Saturday, November 21, 2009

replay of a post on reading scripture with Irenaeus

I just noticed this old blog entry which I posted back in the summer of 2007. It is worth repeating here and now, despite the fact that we are nowhere near Saint Irenaeus' Day. Enjoy.

On the feast of Saint Irenaeus, the great second century student of the holy bishop Polycarp, I think I will share here a small passage from Father Stephen Wiest, of blessed memory. In the fourth chapter of his dissertation (a typological study of Acts 6-7), he holds forth on the interpretation of the Stephen section of Acts on the part of the early Fathers. Here is what he writes regarding Irenaeus:

Irenaeus is the first among the Greek fathers to exploit typological correspondences between Stephen and Christ. He employs what I shall call the 'typology of humanity'-figural likeness of the narrative circumstances of Christ and Stephen-for his polemics against the Gnostics of the second century. In Adversus haereses (ca. AD 180-190), Irenaeus attacks the Gnostic disjunction between the God of the OT and the God of the NT.

For his fight Irenaeus drafts Stephen, 'who of all men, was the first to follow the footsteps of the Lord, being the first that was slain for confessing Christ, speaking boldly among the people and teaching them' concerning 'the God of glory' who appeared to Abraham. All of Stephen's words 'announce the same God, who was with Joseph and with the patriarchs, and who spake with Moses.' For Irenaeus, 'the whole range of the doctrine of the apostles proclaimed one and the same God, who removed Abraham, who made to him the promise of inheritance...that He was the Maker of all things, that He was the Father of our Lord Jesus Christ, that He was the God of glory.' That Stephen was so much like Christ makes it likely that Stephen taught what Christ and all the prophets taught-a 'like unto' argument that remains on the level of the mimetic and deputational views of Stephen.

Irenaeus transcends, however, the typology of humanity to achieve what I shall call the 'typology of divinity.' Stephen turns out to be far more than 'like' Christ in his circumstances. Stephen's perfection of doctrine-held fast until the perfection of Stephen himself by death-attests the integral union of Stephen with 'perfection incarnate' in Christ. This becomes clear in another passage of Adversus haereses. In this section, Irenaeus ties the God of the OT to the God of the NT and binds the church doctrine of his own day to the doctrine of the apostles with an intricate rhetorical knot tucked around Stephen:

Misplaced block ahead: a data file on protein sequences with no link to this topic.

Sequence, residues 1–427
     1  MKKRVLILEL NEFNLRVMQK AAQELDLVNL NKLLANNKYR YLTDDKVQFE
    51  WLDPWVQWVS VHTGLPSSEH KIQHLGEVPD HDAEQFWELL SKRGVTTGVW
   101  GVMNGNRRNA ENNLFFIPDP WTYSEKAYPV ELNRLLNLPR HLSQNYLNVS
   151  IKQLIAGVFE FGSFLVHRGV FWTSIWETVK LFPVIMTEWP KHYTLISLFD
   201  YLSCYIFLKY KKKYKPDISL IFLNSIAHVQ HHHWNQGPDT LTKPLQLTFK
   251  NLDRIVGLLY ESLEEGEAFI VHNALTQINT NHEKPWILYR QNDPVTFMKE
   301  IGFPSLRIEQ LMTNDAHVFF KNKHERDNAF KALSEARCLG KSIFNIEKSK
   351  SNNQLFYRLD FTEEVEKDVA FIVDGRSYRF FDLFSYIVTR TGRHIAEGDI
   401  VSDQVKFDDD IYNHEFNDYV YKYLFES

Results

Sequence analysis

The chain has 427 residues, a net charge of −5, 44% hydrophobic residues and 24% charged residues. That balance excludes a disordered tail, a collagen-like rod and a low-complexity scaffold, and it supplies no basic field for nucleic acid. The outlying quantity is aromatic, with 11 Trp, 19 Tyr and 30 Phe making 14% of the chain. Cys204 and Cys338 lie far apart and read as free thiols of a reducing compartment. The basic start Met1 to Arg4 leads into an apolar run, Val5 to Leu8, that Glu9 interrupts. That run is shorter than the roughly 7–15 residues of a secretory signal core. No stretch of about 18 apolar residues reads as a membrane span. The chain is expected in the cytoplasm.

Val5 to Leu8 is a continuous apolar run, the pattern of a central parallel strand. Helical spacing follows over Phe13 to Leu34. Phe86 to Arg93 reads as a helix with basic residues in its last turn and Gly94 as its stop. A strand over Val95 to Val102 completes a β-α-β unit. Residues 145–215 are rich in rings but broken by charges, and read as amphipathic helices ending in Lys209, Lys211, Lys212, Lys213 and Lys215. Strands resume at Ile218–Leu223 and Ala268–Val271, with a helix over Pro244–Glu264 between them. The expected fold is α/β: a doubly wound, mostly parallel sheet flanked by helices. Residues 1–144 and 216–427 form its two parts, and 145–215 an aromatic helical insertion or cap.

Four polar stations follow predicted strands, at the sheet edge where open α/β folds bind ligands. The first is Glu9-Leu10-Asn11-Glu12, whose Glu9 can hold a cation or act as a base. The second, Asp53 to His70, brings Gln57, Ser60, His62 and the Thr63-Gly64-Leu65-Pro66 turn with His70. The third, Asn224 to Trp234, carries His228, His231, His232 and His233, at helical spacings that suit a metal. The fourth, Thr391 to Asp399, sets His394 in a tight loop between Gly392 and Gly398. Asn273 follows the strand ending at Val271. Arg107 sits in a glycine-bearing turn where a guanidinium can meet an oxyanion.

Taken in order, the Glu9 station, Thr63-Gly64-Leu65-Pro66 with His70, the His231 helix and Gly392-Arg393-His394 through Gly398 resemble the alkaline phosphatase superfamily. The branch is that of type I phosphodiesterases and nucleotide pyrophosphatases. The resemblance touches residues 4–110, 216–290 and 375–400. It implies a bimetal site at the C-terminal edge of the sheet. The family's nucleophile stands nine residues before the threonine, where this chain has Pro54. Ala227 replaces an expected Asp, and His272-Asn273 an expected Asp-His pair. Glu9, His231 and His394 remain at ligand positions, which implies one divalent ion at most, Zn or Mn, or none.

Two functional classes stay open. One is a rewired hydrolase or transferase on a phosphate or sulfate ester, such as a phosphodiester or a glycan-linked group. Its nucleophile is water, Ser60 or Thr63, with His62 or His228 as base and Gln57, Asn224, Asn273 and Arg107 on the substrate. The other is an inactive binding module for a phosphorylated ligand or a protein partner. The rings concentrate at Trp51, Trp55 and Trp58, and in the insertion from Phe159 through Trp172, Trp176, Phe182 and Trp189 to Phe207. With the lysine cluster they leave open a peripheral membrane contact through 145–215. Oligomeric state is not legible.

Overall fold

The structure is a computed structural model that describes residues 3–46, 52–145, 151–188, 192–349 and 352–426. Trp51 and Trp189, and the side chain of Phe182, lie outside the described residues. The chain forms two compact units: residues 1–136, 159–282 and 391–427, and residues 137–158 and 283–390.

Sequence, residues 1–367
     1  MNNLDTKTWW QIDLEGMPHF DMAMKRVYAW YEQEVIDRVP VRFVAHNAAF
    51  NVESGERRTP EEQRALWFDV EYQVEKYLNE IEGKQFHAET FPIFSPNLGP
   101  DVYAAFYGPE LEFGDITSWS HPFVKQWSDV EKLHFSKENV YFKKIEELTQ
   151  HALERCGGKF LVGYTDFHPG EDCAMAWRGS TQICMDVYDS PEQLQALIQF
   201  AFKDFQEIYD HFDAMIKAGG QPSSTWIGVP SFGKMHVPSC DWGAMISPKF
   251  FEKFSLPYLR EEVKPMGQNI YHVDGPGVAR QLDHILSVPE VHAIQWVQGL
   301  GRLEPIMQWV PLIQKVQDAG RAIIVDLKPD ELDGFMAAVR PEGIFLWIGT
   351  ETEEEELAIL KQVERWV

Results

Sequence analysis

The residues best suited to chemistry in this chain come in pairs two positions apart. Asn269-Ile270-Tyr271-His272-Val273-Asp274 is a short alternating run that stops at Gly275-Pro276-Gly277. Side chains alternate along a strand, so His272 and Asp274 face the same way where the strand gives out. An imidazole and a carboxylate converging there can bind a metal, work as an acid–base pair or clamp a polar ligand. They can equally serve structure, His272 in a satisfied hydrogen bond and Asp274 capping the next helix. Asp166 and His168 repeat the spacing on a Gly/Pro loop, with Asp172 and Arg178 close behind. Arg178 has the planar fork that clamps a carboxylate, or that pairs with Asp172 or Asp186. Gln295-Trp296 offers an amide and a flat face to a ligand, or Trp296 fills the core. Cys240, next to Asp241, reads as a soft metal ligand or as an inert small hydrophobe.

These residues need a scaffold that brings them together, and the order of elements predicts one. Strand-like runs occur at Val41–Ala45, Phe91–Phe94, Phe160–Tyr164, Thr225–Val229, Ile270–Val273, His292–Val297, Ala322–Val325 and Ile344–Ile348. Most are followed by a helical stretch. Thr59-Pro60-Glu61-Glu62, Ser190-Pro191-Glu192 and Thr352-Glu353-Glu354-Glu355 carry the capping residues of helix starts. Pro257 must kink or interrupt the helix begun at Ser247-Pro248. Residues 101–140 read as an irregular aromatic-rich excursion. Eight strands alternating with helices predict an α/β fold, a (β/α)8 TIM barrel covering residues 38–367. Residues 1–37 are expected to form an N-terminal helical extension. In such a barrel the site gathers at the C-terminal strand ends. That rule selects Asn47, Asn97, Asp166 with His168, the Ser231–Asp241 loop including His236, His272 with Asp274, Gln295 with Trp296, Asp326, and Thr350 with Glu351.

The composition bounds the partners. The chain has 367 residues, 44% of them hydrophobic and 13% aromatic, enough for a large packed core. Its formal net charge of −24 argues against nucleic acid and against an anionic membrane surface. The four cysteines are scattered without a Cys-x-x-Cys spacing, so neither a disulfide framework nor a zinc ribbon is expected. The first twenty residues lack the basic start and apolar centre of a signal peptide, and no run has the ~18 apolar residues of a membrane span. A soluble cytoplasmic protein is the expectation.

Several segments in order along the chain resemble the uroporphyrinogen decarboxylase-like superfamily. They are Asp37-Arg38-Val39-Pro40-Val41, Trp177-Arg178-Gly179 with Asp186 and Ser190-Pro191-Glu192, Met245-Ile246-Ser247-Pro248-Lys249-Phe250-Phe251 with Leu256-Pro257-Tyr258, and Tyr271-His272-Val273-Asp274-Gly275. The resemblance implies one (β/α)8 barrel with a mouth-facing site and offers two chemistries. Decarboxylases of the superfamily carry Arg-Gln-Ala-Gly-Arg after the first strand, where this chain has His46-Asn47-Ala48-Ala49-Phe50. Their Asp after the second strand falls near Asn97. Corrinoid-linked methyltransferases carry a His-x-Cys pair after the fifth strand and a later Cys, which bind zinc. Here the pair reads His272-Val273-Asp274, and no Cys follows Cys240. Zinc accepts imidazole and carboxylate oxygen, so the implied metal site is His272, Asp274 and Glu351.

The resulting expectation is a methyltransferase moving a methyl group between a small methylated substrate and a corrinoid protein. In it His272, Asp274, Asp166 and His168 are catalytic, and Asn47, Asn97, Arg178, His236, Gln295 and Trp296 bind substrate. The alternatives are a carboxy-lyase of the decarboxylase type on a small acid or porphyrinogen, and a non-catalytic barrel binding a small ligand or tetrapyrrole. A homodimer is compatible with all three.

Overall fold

'Both the apostles and their disciples thus taught as the Church preaches, and thus teaching were perfected, wherefore also they were called away to that which is perfect-Stephen, teaching these truths, when he was yet on earth, saw the glory of God, and Jesus on his right hand, and exclaimed, "Behold, I see the heavens opened, and the Son of man standing on the right hand of God." These words he said, and was stoned; and thus did he fulfill the perfect doctrine, copying in every respect the Leader of martyrdom, and praying for those who were slaying him, in these words: "Lord, lay not this sin to their charge." Thus were they perfected who knew one and the same God, who from beginning to end was present with mankind in the various dispensations...Those, therefore, who delivered up their souls to death for Christ's Gospel-how could they have spoken to men in accordance with old-established opinion? If this had been the course adopted by them, they should not have suffered; but inasmuch as they did preach things contrary to those persons who did not assent to the truth, for that reason they suffered.'

Irenaeus advances his logic by means of word-play. Stephen, preeminent among Christ's disciples, confessed the 'perfect' doctrine and was 'perfected' by his suffering and death for it. Through his martyrdom Stephen both saw and was called away to that which is 'perfect', Christ. The conformity of martyred Stephen to Christ, 'the Leader of martyrdom', the vision of Christ granted Stephen, Stephen's Christ-like final petition for the forgiveness of his enemies and the welcome provided dying Stephen by Christ prove the perfection of perfected Stephen's doctrine about the Perfect One. Stephen's doctrine is identical to that confessed and suffered for by many subsequent Christians made perfect by martyrdom. For Irenaeus, Stephen transcends simple imitation of Christ to partake of Christ's own divine perfection.

Thus far Stephen Wiest, whose whole dissertation is simply outstanding. Christians of the 21st century honor Irenaeus by actually reading and meditating upon what he would teach us in his writings, such as his Adversus haereses. In his battle against the enemies of Christ in his own time, he showed us how to read scripture, as a whole, a christological whole. And just as he 'drafted' St. Stephen in this battle, Stephen Wiest drafted Irenaeus, and can help us do the same.

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